Every parent knows that medications are sometimes needed to help their children recover from sicknesses or injuries. However, many parents also know that innocent children are harmed from medication errors as a result of doctors prescribing wrong medications, pharmacists filling incorrect medicines, or wrong dosages being administered. Approximately five to twenty-seven percent of pediatric medications are prescribed or taken in the wrong dosage, according to a study in Pediatrics journal. Sadly, Reuters Health reports that this leads to about 7,000 deaths every year.
To combat this problem, lead author Dr. Michael L. Rinke, a pediatrician at Children’s Hospital at Montefiore in Bronx, New York, and his colleagues studied 63 studies on dosage problems to develop strategies that will reduce medication mistakes in children. Now, according to researchers, there are new strategies that can help slash medicine errors in children.
Here are seven ways medication mistakes that affect children can be reduced, including:
- More communication between doctors, pharmacists, and families is needed.
- Doctors should work with nurses and pharmacists for administration of medication in the hospital.
- Doctors should use pre-printed prescription order sheets or electronic prescriptions instead of handwritten prescriptions.
- Doctors shouldn’t prescribe medication doses in teaspoons or tablespoons.
- Medications for children should only come in milliliter measuring doses.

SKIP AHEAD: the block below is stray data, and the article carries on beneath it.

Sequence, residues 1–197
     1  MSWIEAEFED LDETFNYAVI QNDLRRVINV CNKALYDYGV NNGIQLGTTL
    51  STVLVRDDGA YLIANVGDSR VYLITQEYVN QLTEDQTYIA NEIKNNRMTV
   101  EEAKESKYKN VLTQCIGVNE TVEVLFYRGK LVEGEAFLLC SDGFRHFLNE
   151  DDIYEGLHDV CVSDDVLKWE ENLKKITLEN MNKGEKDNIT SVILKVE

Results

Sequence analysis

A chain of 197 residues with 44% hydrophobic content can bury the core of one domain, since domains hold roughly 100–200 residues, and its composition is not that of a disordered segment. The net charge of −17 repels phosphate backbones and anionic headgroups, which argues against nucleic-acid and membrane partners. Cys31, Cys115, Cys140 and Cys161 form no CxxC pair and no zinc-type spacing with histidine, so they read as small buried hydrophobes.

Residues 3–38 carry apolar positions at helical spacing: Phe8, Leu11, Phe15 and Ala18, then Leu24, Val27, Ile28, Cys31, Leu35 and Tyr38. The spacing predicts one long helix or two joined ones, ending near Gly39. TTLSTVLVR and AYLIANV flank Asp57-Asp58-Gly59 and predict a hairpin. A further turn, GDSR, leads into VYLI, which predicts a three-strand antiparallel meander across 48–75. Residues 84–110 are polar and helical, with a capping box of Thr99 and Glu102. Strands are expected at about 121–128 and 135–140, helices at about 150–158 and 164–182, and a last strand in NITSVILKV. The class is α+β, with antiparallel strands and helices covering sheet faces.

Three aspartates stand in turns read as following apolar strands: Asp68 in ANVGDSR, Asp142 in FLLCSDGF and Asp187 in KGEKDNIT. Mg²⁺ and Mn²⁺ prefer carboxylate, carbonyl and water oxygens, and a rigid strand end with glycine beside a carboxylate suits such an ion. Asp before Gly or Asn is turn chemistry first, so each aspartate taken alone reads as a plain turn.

- Parents should NEVER measure out their children’s medication with teaspoons or tablespoons.
- Healthcare professionals should teach parents how to properly give their children liquid medicine.
While not every medication error will be prevented by these seven strategies, when doctors, pharmacists, and parents follow these tips, they can definitely help reduce errors. For example, when doctors use electronic prescriptions, fewer errors occur. In fact, pre-printed prescription orders help reduce medicine errors by 27 to 82 percent over handwritten orders, according to researchers. This is because handwritten prescriptions are often messy and ineligible, leaving pharmacists to guess what the doctor meant to prescribe.
Another huge way to keep kids from taking the wrong dose of medicine is to only give kids liquid medication in milliliter doses and not in tablespoons and teaspoons. Unfortunately, there is a big difference between spoon sizes, which can lead to underdosing or overdosing.
Because children are small and fragile, taking the wrong medications or incorrect doses can cause strong reactions and serious injuries. For this reason, every person from doctors to pharmacists to parents need to do their part to ensure children are taking the correct medications and right dosages.
If your child has been harmed as a result of a doctor’s error or a pharmacist’s mistake, you should request a free copy of our book How to Make Pharmacies Pay for Injuries Caused by Medication Errors.